Recently I was working outside on my laptop. A small florescent green bug came to roost. It marched back and forth on the top of the screen from one end to the other. It didn’t fly. It didn’t hop. It just marched back and forth like Groucho Marx in a tuxedo. It did a little jig at each end, bobbing up and down like a bird, before it turned to go the other way. Why in the world? I watched in utter fascination. What powers a bug brain? Does it know it is making these choices? Or is it programmed? Not being a bug I had no preconceived ideas about how this particular bug should behave. I could remain in complete curiosity. Being human we’re pretty sure that we know how another should behave. But how can we possibly?
One of the simplest, most peaceful, and fun ways to go through life is with the mindset of absolute curiosity. Axiomatically, one of the best things we can do for our relationships is to approach those with whom we are in relationship with radical curiosity. Why do they do what they do, think what they think, and are interested in the things that they are? It’s all very fascinating. And, it’s pretty easy once you get the hang of it. All that is required is a different viewpoint. Curiosity, after all, is little more than maintaining a sense of awe, wonder, and inquisitiveness – a complete not knowing. Beginner’s mind.
Adventurers maintain beginner’s mind when traveling to, and in, unknown territories. Everything is fresh, new and unknown. Diligence is necessary. Isn’t learning different ways of being the goal of travel? Why do other cultures do what they do? Believe what they believe? Eat what they eat? For improved relationship – whether romance, work, or family – try approaching those with whom you are in relationship with the mind of a curious adventurer. When you do, watch the other person light up as you set about discovering all the little quirks and foibles that make them who they are. Each person you meet is a vast universe in of themselves.
All of Our Many Differences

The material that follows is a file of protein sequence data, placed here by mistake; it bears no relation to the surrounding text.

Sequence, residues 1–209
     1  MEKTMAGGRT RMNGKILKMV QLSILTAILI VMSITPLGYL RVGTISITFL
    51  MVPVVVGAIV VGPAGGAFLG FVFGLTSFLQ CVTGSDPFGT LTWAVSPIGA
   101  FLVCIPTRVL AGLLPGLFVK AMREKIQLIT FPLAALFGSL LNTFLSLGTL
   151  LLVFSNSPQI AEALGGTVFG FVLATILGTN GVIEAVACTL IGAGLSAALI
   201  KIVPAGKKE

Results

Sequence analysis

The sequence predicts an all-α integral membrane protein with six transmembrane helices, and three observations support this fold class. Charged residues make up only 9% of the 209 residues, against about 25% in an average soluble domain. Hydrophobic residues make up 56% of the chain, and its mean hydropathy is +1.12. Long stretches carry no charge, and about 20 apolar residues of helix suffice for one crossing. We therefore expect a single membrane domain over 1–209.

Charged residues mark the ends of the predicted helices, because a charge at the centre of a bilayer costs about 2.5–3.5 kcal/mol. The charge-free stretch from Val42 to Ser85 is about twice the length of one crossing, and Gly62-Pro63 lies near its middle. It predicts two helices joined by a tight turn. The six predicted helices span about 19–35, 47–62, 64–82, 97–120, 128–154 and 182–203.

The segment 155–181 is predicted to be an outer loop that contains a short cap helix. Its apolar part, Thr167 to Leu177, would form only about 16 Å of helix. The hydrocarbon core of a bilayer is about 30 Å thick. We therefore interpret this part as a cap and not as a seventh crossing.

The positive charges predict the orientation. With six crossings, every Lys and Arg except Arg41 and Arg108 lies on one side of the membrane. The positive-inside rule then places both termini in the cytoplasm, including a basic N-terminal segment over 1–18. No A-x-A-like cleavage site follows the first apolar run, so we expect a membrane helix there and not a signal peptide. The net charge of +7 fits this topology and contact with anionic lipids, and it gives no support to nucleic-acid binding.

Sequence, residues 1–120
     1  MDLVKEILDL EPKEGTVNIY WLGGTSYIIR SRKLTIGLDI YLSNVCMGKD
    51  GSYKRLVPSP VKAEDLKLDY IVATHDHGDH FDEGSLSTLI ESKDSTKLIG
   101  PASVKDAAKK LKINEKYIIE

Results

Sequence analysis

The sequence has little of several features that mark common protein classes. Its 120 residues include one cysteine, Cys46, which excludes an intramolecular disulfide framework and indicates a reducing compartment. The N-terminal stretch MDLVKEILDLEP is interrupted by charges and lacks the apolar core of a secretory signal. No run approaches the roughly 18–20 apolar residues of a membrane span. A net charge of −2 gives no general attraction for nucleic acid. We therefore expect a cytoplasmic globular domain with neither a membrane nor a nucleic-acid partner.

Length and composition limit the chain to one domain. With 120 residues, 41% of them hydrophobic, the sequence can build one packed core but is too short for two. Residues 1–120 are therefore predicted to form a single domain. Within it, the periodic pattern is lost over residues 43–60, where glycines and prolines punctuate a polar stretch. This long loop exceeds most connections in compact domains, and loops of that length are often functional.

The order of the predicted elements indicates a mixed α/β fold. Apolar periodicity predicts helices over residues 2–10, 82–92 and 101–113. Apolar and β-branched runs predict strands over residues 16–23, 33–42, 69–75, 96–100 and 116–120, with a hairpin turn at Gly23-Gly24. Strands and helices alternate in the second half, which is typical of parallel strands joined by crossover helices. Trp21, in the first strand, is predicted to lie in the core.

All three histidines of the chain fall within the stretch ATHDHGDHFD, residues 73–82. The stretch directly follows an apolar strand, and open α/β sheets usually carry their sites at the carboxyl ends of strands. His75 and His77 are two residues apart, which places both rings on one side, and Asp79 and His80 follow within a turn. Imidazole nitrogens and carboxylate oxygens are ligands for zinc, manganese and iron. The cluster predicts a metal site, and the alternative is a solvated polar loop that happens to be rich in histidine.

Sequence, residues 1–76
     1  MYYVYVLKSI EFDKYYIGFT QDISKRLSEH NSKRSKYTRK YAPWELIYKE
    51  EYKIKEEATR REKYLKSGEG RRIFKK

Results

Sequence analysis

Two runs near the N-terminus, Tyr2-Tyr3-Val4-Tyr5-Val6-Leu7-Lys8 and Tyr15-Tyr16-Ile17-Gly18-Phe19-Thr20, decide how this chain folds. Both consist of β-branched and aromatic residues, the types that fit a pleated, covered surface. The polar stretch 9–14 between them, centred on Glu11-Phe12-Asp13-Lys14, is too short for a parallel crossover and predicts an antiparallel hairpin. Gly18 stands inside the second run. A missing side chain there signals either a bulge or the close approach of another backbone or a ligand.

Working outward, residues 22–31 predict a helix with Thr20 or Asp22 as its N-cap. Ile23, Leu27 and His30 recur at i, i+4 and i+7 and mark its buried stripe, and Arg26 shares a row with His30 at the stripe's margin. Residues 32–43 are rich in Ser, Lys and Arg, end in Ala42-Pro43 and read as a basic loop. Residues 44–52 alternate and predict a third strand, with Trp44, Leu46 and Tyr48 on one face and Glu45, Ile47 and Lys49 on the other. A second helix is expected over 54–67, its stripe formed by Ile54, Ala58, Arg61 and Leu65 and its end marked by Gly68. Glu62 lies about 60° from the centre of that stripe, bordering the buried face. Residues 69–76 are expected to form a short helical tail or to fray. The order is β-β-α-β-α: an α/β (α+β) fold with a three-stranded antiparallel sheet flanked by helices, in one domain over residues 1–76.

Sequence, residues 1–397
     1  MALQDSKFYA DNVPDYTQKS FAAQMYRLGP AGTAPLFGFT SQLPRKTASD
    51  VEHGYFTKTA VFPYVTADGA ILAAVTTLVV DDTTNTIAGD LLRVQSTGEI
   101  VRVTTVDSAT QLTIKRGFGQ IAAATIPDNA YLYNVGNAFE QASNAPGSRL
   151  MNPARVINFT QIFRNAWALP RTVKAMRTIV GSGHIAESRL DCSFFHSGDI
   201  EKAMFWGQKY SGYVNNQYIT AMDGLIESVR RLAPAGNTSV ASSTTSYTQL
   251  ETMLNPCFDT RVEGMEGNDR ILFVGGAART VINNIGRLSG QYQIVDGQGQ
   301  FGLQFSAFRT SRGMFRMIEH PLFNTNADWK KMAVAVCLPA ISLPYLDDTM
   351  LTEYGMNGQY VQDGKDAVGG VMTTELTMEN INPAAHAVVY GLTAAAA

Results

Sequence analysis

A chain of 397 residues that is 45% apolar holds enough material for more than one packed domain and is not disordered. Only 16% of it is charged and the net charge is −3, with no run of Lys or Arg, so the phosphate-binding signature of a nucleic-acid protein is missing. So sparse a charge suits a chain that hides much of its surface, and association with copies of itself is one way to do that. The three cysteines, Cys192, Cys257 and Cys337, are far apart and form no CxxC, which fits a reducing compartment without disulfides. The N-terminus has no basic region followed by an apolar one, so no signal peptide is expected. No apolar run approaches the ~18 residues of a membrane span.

We are so vastly different…. in our
- Tastes in food, entertainment, décor, music
- Special high places, low places, forbidden places, and secret passageways
- Customs, traditions, celebrations and holidays
- Border patrols and security – one person has loose borders; others are stringent
- Climates, temperatures, weather, dispositions
- Ways of personal expression through dance, athletics, acting, yoga, extreme sports
- Ideas on what makes a friend, how to choose friends, and when friendships should end
- Ideas of our work in the world
- Desired balance of being together and being apart
- Sexual preferences and behaviors
- Many and diverse practices and beliefs around life and death.
There are many more, or course.
The Radical Tourist
To be a good traveler one must be radically curious about why others do what they do, love what they love, are motivated by the things that they are, or scared by some things and not by others. What’s their story? It’s so… well… human to think that others are just like us, or maybe only just a teeny bit different than we are. Nope. Each one of us is totally unique and vastly different. The discovery of just how different we are begins and ends with curiosity. The people with whom we are in relationship are not the same today as they were yesterday. Heck, they’re not the same as they were an hour ago. Curious will reveal the ways in which that is true. When we’re truly curious about self, others, and the relationship, we take the lid off. Expectations are gone. New possibilities have room to grow.